Molecular Life Sciences

Water is the molecule of life, ubiquitous in biological environments and indispensable for biochemical reactions. Living cells contain about 60-70% water, and evolution has optimized the sophisticated biological processes that determine life to function in an aqueous environment. One of the most striking challenges is correlating water’s intrinsic physical properties –hydrogen bonding, polarizability,and collective vibrational states –with its spontaneous capacity to generate frustratedorder out of apparent chaos. Understanding the interplay between the bulk-water activity that is influenced by co-solutes, pressure and temperature, and the formation of the solvation shells which envelope macromolecules and –especially in the case of DNA and RNA –their counterions is crucial for understanding structure and the structural dynamics of biological systems. The influence of water on the association state(s) of proteins, RNA, DNA, lipids and carbohydrates is also of the highest interest. The formation of higher-order assemblies consisting of multiple components are fundamental to all intracellular processes and are associated with a number of disease states. Therefore, the role of water in biomolecular structure, be it defined and ordered or intrinsically disordered, and the link that water provides between structure, bio-catalysis, regulation,and molecular transportwill be the focal points for biochemical and biological function research.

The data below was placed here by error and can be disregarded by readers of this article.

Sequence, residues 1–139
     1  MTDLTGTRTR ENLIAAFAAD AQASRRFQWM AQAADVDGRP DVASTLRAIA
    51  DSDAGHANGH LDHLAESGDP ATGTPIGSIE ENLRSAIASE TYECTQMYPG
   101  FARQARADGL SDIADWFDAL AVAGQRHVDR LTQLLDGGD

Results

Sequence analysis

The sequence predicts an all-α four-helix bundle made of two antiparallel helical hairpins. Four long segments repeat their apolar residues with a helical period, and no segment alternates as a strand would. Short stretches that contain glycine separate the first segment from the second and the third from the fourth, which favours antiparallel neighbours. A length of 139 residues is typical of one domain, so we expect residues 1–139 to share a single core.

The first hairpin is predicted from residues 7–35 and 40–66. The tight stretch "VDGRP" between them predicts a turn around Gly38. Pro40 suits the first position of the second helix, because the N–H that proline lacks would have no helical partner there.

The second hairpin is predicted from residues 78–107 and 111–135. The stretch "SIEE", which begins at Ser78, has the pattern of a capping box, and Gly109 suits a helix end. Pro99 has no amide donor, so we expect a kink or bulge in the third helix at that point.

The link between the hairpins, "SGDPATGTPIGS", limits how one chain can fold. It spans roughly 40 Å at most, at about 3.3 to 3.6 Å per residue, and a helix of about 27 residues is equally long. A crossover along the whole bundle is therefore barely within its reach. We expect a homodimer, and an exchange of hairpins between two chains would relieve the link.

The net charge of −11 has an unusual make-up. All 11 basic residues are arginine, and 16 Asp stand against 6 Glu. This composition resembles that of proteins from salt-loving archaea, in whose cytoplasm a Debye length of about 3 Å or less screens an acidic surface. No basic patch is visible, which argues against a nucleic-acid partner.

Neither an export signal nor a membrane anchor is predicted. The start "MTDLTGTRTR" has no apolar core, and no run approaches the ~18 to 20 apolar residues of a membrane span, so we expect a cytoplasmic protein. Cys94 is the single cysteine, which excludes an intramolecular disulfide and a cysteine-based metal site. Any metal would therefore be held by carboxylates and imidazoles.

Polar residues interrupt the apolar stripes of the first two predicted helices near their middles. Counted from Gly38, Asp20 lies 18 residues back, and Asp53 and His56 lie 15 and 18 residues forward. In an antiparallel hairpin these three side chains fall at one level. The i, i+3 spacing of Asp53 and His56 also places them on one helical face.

Speakers:
Arwen Pearson (U Hamburg), Simone Techert (DESY/U Göttingen), Sadia Bari (DESY), Henrike Müller-Werkmeister (U Potsdam).